Sosnowiec belongs to the group of most important towns of Upper Silesia, and is situated in its eastern part. Typically for the urban areas of the region, Sosnowiec is an industrial centre with 4 mines and several factories; however, recently it has striven to develop its trade and services. Sosnowiec is mostly visited for business purposes, attracting people with its good location close to Katowice, Myslowice, Dabrowa Gornicza, and other towns of the Silesian Industrial Area and its proximity to the international airport in Pyrzowice (20 km).
Almost 220,000 people live in Sosnowiec, which is predominantly an economic centre that is developing successfully due to its Special Economic Zone, but if you expect only to see grey blocks of flats and factory chimneys then you may become confused. The neatly renovated downtown includes some very interesting historical sights, such as Sielecki Castle occupied by the Sosnowiec Centre of Art, the Schoen Palace and Dietl Palace or the Orthodox church of Faith, Hope and Love.
Among the several green areas in the town, the most recommendable is the Leon Kruczkowski Park with its Exotarium, designed to show everyone the diversity of flora and fauna from around the world. There are about 80 species of plants while the animal section has fish, reptiles and mammals.
Sosnowiec was home in 1920-30 to Jan Kiepura, a tenor of international fame. The town formerly had a significant population of Jews – and among the most famous citizen of Sosnowiec is Wladyslaw Szpilman, the composer and musician portrayed in Roman Polanski’s The Pianist.
Sosnowiec is situated in the Silesian Upland, in the Black Przemsza River basin and on its confluence the Brynica River. Often associated with the Upper Silesian Industrial Area it actually belongs to Dabrowskie Coal Fields (Zaglebie Dabrowskie) rather than Silesia, and its history is different from Silesia’s.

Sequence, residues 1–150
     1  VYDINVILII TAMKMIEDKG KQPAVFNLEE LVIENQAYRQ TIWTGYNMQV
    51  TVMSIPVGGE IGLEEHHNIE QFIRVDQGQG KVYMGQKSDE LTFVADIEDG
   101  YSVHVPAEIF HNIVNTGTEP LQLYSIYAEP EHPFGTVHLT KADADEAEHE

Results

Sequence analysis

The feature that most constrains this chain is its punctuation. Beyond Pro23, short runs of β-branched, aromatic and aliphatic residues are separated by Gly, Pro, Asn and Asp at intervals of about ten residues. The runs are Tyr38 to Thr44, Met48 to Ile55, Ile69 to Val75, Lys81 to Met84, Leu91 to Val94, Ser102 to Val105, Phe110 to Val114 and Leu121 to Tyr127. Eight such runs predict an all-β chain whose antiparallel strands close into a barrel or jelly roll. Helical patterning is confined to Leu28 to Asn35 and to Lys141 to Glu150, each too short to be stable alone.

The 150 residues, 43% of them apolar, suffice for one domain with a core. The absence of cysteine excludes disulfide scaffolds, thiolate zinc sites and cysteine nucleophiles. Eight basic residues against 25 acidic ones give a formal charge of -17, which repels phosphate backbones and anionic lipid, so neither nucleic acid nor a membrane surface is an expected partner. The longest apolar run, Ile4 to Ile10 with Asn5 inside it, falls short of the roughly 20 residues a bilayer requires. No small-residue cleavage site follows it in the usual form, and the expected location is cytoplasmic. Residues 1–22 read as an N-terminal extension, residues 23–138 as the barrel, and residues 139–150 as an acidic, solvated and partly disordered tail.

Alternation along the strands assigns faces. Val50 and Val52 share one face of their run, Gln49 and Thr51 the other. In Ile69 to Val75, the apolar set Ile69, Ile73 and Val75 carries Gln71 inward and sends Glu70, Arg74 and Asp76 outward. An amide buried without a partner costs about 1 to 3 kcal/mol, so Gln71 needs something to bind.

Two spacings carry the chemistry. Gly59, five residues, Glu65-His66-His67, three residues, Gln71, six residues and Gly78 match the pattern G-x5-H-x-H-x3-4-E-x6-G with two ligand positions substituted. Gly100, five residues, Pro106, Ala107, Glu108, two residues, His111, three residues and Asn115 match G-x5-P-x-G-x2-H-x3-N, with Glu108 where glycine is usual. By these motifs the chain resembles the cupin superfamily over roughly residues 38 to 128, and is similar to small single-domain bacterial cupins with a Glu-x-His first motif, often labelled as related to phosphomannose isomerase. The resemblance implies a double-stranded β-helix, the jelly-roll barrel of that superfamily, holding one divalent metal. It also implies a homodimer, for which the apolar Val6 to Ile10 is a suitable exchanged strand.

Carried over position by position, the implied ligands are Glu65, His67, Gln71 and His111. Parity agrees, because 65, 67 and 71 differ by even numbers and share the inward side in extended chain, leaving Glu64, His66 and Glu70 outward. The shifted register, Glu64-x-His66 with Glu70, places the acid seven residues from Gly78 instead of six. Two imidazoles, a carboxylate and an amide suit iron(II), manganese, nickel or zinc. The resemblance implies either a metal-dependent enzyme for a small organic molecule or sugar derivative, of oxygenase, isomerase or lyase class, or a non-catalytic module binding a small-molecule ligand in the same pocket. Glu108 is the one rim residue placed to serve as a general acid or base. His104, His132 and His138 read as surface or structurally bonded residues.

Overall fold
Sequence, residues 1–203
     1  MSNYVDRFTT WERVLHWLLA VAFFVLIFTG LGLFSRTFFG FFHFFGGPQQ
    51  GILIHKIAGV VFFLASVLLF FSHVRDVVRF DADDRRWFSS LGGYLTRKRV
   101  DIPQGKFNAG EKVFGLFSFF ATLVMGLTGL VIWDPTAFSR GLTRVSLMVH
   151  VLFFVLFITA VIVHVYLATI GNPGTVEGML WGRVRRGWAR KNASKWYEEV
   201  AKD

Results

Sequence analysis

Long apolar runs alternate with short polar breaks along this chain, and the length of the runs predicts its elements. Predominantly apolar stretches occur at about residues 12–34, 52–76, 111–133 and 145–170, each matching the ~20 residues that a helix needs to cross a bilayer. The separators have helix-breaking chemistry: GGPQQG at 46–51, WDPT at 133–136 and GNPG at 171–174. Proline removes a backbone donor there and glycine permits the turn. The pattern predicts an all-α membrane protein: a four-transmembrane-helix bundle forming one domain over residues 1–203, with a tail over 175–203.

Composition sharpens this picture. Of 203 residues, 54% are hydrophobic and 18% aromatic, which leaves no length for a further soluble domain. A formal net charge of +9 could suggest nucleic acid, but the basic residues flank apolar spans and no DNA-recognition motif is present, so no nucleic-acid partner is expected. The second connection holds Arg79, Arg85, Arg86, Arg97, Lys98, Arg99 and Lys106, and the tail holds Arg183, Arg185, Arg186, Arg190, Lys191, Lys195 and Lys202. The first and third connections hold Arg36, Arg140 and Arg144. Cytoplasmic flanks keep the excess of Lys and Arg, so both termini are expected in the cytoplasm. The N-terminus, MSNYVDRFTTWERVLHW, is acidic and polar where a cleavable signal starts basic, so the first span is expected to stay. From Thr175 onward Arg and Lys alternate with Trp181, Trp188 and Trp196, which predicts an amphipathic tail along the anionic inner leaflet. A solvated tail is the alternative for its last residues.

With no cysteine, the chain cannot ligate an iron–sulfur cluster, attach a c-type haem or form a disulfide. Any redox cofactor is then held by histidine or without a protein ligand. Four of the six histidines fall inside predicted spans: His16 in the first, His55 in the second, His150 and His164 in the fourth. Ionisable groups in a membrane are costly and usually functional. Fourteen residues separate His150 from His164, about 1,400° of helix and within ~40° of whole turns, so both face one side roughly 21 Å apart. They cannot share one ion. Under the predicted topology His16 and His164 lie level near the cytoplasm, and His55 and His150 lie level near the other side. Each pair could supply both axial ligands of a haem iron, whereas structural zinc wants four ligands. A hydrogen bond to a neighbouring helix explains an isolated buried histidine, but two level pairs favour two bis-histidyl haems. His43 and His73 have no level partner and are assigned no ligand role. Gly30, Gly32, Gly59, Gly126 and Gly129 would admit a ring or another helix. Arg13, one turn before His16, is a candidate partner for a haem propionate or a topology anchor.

Within the territory of the town you can find three large lakes (the Balaton, Lesna and Stawiki) and several smaller ones.
Sosnowiec grew from a number of smaller settlements, some of them dating back to the Middle Ages. The first mention of the town comes from the year 1727 when it was mentioned in the books of the Myslowice church, which described it as a milling and farming area. In the Middle Ages these lands belonged to Silesian Dukes.
The founding and development of Sosnowiec was directly connected with the richness of the land, which helped industry to grow rapidly.
It was annexed by Prussia in 1795 with the partitioning of Poland, but after the Napoleonic Wars it became a part of Warsaw Duchy and then the Polish Kingdom, a puppet state under Russian rule.
The 19th century was a period that saw rapid industrialization of the area. Development was speeded by the construction of the Vienna-Warsaw railway, which passed through Sosnowiec.
It officially became a city on the 24th of January 1903, appointed by Tsar Nicholas II after numerous efforts from the rich and powerful inhabitants of Sosnowiec. Interestingly, it was the first town chartered in the Polish Kingdom after the January Uprising against Russian rule in 1863 (at the time the “village” of Sosnowiec already had 60,000 inhabitants).
After World War II it belonged to Poland, and the 1920-30 period saw intense development of the mining and steel industries
During World War II most of the Jewish population of Sosnowiec (which before the outbreak of war formed 22% of the whole population) found death in the extermination camps.
In recent decades, Sosnowiec’s downtown has been painstakingly rebuilt and renovated. Local designers were awarded the Grand Prix for their project in a competition for the best public space in the Silesian Voivodship.